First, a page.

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10 May 2017

How Arctic Methane Seeps Could be Delaying Global Warming


In terms of news about global warming, we’re always told about rising temperatures and increasing levels of carbon dioxide (CO2) emissions causing harm to the planet. Other greenhouse gases like methane are also said to be harmful and on the rise, but recent research off the coast of Norway’s Svalbard archipelago suggests that methane, released from Arctic Ocean methane seeps could be doing more good than harm.

John Pohlman, a biochemist of the U.S. Geological Survey in Woods Hole, Massachusetts, discovered that carbon dioxide levels and methane levels in the ocean’s surface water were surprisingly low. He and his team of researchers measured the gas levels as their ship crossed seeps, during constant times of sunshine during the Arctic summer.

The waters directly above the methane seep were found to absorb twice as much carbon dioxide than surrounding waters. This, in theory, means that these isolated spots in the Arctic Ocean could lessen the harmful effects of high CO2 levels and climate change as a whole, with results showing that almost 1900 times more carbon dioxide being absorbed than methane being emitted.  Pohlman comments: “In these limited zones, the atmospheric benefit from CO2 sequestration is about 230 times greater than the warming effect from methane emissions.”

Upon this discovery, Pohlman and his team combined their findings to conclude that CO2 levels being low at the surface were due to water upwelling and photosynthesis processes. The upwelling displays methane bubbles being pushed up by physical force from the sea bed to the surface, which fertilizes phytoplankton blooms, that go on to absorb the carbon dioxide, as they write in the Proceedings of the National Academy of Sciences.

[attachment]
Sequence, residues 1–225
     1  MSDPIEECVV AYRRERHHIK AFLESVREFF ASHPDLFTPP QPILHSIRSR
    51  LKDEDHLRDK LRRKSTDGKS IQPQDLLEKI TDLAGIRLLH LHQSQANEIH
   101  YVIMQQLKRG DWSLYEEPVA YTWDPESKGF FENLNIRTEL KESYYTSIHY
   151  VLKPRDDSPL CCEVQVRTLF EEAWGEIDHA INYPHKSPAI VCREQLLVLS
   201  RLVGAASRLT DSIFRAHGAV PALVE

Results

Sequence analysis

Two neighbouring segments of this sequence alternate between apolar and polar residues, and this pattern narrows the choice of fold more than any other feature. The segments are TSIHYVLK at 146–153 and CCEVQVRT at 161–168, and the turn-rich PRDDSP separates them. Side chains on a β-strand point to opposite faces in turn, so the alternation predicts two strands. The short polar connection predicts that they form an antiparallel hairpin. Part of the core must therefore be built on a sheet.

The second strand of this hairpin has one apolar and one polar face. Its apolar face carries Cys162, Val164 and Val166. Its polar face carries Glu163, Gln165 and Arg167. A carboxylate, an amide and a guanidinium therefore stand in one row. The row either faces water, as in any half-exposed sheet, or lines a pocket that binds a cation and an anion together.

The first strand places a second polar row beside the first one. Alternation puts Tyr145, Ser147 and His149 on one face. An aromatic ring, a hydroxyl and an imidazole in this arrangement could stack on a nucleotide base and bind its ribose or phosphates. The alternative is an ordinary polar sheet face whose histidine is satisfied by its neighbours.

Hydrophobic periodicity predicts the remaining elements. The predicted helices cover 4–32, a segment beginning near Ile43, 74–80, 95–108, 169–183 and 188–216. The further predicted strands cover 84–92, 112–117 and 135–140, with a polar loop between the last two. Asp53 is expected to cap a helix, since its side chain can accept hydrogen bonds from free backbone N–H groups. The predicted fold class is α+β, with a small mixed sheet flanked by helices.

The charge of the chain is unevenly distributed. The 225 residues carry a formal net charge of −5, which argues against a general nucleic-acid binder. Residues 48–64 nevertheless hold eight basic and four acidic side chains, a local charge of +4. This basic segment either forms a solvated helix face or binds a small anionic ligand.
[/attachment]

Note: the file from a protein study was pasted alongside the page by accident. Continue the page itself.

The fertilization effect has surprised researcher Thornton, who looked at methane seeps and emissions in the Laptev and East Siberian seas. “There are lots of nutrients in bottom water and bringing that to the surface could certainly [result in] draw down of CO2” he says.

While the results from the study of the Svalbard seeps are telling, there is uncertainty as to whether the effects of methane reflect in other oceans. It’s also important to note that the data was collected during the Arctic summer where sunlight was almost constant, and so there’s curiosity as to whether to results would be translated in other seasons of the year. 


Laura Sewell

An aspiring journalist, Laura is our content writer.  Pop-punk gig-goer and drag queen enthusiast, Laura is working her way into the industry, with an English A -Level and love of writing about anything and everything in tow.